When it comes to nature, Connecticut is probably best known for its beautiful but modest rolling green hills, meandering streams and lovely shoreline. But there are individual natural highlights as well, each worth a visit on its own. Pick a nice day to get out and explore!
Drive north from New Haven on I-91 and you will see it: a natural configuration of trap rock ridges that since Indian days has suggested a reclining giant. The Native American legend had it that an irritable spirit named Hobbomock was stomping around and causing problems until a good spirit named Kietan cast a spell and put him to sleep forever. Today, Sleeping Giant State Park is one of the gems of the state’s park system, and you can climb back and forth across the giant like it’s a modern-day Gulliver. Just make sure you don’t wake him up!
Connecticut’s abundance of water and hills means that its landscape features many waterfalls. Most of the falls are pleasant and modest, but the dramatic series of cascades known as Kent Falls is an exception. It begins in the westward flow of Falls Brook as it drains an area of six or seven square miles before gathering for the big drop: plunging approximately 70 feet in a noisy free-fall. From there, the stream descends in a series of lesser falls and cascades to the Housatonic Valley below. Much of the limestone over which the brook flows has been carved into interesting shapes including numerous potholes of all sizes. Kent Falls State Park provides pathways along the falls, including stairs and observation decks.
In 1966, thousands of dinosaur tracks were discovered here during the construction of a state office building. Today, the 200-million-year-old evidence of giant reptiles in the region has been preserved, with 500 tracks on display beneath a geodesic dome at Dinosaur State Park and the rest buried for preservation. Features onsite include a life-size diorama showing the dinosaurs “making tracks” across the sandstone and a track-casting area. The indoor museum is currently closed, but the outdoor park remains open to the public.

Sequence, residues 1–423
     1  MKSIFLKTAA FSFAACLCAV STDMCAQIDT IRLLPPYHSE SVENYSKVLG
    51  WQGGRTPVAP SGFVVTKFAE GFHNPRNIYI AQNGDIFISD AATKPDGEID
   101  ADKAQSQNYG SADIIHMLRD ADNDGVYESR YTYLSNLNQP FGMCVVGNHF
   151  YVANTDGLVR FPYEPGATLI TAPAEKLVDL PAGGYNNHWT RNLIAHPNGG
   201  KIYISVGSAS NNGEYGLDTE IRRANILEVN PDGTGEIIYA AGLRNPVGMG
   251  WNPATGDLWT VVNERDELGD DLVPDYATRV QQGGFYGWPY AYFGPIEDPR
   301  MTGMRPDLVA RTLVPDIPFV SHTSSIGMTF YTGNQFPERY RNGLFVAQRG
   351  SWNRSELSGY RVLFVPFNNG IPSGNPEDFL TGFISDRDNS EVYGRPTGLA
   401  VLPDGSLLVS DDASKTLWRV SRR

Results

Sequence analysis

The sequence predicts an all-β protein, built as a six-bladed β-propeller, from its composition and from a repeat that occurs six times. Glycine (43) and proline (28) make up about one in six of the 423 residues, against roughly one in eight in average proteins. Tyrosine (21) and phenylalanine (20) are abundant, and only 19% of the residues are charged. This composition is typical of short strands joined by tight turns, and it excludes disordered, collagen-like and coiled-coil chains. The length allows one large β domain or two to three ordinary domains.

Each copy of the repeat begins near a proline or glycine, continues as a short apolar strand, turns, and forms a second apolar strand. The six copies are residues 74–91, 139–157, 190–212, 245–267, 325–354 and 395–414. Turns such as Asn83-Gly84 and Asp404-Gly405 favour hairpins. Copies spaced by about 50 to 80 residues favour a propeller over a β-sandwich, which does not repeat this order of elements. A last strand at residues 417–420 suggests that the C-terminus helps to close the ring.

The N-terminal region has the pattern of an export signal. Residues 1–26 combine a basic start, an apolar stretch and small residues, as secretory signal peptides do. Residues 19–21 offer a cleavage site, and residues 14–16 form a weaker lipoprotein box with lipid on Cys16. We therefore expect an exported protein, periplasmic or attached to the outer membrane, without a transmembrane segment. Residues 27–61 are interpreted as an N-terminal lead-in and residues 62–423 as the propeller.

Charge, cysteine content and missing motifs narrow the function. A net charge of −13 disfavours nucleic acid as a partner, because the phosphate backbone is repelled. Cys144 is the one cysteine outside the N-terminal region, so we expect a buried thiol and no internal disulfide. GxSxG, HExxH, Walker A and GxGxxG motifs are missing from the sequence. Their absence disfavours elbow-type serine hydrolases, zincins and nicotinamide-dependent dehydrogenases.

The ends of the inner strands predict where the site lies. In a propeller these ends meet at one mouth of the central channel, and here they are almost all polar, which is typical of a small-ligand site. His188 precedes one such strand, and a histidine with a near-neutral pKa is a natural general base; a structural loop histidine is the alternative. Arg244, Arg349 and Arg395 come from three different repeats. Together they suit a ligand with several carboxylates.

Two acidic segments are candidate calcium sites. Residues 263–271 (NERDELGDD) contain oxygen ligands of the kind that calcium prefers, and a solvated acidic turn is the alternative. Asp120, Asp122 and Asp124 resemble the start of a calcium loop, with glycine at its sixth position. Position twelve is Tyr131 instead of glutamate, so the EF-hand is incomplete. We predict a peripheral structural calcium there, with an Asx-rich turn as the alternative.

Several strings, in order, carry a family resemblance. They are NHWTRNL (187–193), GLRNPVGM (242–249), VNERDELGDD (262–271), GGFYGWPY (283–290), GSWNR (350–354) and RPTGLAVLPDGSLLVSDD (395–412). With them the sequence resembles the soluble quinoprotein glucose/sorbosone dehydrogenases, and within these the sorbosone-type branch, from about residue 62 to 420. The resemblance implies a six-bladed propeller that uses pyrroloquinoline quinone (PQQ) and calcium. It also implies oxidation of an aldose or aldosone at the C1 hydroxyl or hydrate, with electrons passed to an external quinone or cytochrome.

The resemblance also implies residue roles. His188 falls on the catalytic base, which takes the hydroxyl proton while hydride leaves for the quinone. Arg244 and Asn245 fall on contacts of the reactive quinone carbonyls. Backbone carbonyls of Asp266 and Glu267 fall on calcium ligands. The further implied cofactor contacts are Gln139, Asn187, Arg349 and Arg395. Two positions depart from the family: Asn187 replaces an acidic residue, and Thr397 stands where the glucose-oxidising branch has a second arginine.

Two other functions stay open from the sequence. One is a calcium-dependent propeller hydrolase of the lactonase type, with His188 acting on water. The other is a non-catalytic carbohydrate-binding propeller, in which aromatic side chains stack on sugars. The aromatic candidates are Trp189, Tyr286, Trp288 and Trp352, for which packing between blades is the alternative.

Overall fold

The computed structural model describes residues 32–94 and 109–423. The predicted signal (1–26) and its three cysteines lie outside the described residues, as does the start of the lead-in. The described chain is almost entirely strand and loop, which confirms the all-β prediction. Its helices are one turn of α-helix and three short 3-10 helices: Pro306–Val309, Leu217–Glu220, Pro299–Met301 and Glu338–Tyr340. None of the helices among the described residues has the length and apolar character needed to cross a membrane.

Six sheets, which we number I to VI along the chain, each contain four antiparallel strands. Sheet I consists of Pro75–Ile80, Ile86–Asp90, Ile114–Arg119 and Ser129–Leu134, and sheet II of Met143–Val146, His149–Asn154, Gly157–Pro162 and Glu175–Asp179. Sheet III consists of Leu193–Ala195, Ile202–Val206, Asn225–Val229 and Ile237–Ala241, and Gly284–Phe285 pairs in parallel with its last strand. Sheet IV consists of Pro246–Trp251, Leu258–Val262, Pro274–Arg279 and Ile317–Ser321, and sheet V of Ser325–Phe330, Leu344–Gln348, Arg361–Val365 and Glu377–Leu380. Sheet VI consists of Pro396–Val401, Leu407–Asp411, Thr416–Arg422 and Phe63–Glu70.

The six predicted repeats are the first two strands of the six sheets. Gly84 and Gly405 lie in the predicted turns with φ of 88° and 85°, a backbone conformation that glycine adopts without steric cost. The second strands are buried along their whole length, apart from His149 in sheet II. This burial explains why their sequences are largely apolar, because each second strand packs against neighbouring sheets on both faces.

The old-growth white pine and hemlock forest was once Connecticut’s proud reminder of its densely forested past, a 42-acre preserve where magnificent mature trees had been saved from logging by a local family in 1883, donated to The Nature Conservancy in 1967 and designated a National Natural Landmark in 1982. Then in 1989 three tornadoes ripped through the area, felling many of the trees and generally leaving devastation in its wake. Today, these Cathedral Pines, left in their damaged state, remain open to the public, providing a unique view into the surviving old growth, natural destruction and renewal.
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